Press Release

Schumer, Gillibrand Announce: Bill to Create Harriet Tubman National Historical Park in Auburn Passes Key Senate Committee for the First Time

Nov 10, 2011

Today, U.S. Senators Charles E. Schumer and Kirsten Gillibrand announced that, for the first time ever, legislation to create a national park at the Harriet Tubman House has passed the Senate’s Energy and Natural Resources Committee. The bill must now be voted on by the full Senate. The Harriet Tubman National Historical Parks Act would establish two parks, one in New York and one in Maryland. The National Historic Park in Auburn, NY would focus on Tubman’s later years, where she was active in the suffrage movement and established one of the first incorporated homes for aged African Americans. The National Historic Park in Maryland will trace her life on the Eastern Shore of Maryland, where she was one of the leaders of the Underground Railroad. 

“This is another important step down the road to honoring Harriet Tubman, a true American hero, with a national park at her home in Auburn,” said Senator Schumer. “The hardworking men and women who have been keeping up the Tubman House in Auburn deserve to see their work come to fruition. I will keep pushing to make the Harriet Tubman house the national park that will be a boost for the regional economy and a magnet for tourists.” 

“Harriet Tubman is a remarkable American hero who continues to inspire me today,” said Senator Gillibrand, who toured Harriet Tubman’s home and the Home for the Aged that she established in Auburn, New York this August. “Her unwavering commitment to helping others while risking her own life in the long fight for equality has left an indelible legacy. This national park in Auburn would provide an important place where men and women of all backgrounds can come together and reflect on the significance of her life.”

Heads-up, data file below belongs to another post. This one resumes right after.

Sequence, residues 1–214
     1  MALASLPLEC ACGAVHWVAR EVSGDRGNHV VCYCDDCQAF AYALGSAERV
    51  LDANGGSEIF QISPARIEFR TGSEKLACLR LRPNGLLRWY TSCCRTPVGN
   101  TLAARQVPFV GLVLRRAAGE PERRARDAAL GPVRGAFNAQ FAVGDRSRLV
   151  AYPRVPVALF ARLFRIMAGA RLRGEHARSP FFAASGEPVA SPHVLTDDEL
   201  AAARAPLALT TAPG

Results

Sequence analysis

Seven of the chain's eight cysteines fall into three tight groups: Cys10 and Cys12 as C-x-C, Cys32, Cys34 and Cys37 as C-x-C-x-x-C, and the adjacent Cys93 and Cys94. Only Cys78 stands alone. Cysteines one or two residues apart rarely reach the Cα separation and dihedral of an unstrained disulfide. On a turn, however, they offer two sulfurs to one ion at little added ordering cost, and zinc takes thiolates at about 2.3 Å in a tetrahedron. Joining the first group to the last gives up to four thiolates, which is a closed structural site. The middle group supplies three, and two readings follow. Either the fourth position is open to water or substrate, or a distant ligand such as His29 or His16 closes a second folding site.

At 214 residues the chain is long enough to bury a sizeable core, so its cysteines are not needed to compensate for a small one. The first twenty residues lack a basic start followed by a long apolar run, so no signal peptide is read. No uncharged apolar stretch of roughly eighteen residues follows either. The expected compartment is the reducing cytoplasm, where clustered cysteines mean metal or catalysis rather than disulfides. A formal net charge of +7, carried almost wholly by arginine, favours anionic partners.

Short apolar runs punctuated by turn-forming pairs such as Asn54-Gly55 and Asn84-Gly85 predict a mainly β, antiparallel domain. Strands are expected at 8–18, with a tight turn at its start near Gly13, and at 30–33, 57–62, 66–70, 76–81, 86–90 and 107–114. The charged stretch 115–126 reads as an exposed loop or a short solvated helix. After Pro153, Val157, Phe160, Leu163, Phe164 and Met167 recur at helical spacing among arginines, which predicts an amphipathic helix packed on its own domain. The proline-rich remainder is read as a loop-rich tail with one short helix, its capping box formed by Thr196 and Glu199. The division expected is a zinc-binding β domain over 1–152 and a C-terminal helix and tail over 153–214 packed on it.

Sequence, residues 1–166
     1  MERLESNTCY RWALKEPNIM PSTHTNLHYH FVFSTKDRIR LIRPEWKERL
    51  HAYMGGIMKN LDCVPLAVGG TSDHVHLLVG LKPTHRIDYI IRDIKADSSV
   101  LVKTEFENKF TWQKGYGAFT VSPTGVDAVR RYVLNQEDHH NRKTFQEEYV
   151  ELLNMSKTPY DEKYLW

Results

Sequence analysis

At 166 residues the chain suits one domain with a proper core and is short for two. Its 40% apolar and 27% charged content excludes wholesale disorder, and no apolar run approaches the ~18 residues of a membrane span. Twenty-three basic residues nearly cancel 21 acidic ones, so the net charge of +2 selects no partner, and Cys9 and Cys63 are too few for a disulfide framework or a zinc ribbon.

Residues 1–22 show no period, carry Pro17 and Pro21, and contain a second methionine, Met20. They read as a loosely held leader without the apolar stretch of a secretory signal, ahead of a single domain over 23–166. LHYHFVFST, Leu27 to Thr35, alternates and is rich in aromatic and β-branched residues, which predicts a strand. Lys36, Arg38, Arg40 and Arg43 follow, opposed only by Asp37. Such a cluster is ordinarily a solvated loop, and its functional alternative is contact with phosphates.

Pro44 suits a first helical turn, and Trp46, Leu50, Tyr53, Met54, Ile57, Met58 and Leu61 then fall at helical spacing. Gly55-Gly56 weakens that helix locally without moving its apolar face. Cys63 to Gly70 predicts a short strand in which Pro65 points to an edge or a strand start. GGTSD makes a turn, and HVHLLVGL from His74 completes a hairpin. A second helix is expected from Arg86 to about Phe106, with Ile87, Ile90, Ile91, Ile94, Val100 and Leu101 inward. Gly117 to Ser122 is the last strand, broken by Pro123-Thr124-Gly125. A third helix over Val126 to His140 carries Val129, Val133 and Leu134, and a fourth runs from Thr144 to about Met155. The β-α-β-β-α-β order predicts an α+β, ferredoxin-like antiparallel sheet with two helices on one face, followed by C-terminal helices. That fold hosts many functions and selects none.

In New York, the bill authorizes grants for the preservation, rehabilitation, and restoration of the properties in Auburn associated with the life of Harriet Tubman including Tubman’s home, the Home for the Aged that she established, the African Methodist Episcopal (AME) Zion Church and its rectory. The legislation would also help educate the public and boost tourism in the region by providing funds for the development and construction of interpretive historical materials. Thematically linking several historical sites would help visitors better understand Harriet Tubman’s important contribution to Central New York and the United States as a whole. 

Harriett Tubman has a deep history in both New York and Maryland. Harriet Tubman was born in Dorchester County, Maryland, where she spent nearly 30 years as a slave. She escaped slavery in 1849, but returned for more than 10 years to Dorchester and Caroline counties where she led hundreds of African Americans to freedom. In 1857, Harriet relocated her parents from St. Catharines, Ontario, Canada to Auburn, NY.  Soon after, she purchased land in Auburn and spent the rest of her life there.  In 1913, she was buried in Fort Hill Cemetery in Auburn, NY.  

Schumer and Gillibrand’s legislation would preserve and honor the story of a true American hero while providing an economic boost to Auburn and the surrounding region. Both Senators applaud the committee’s passage of the Harriet Tubman legislation. Senators Barbara Mikulski and Benjamin Cardin of Maryland are also sponsors of the legislation.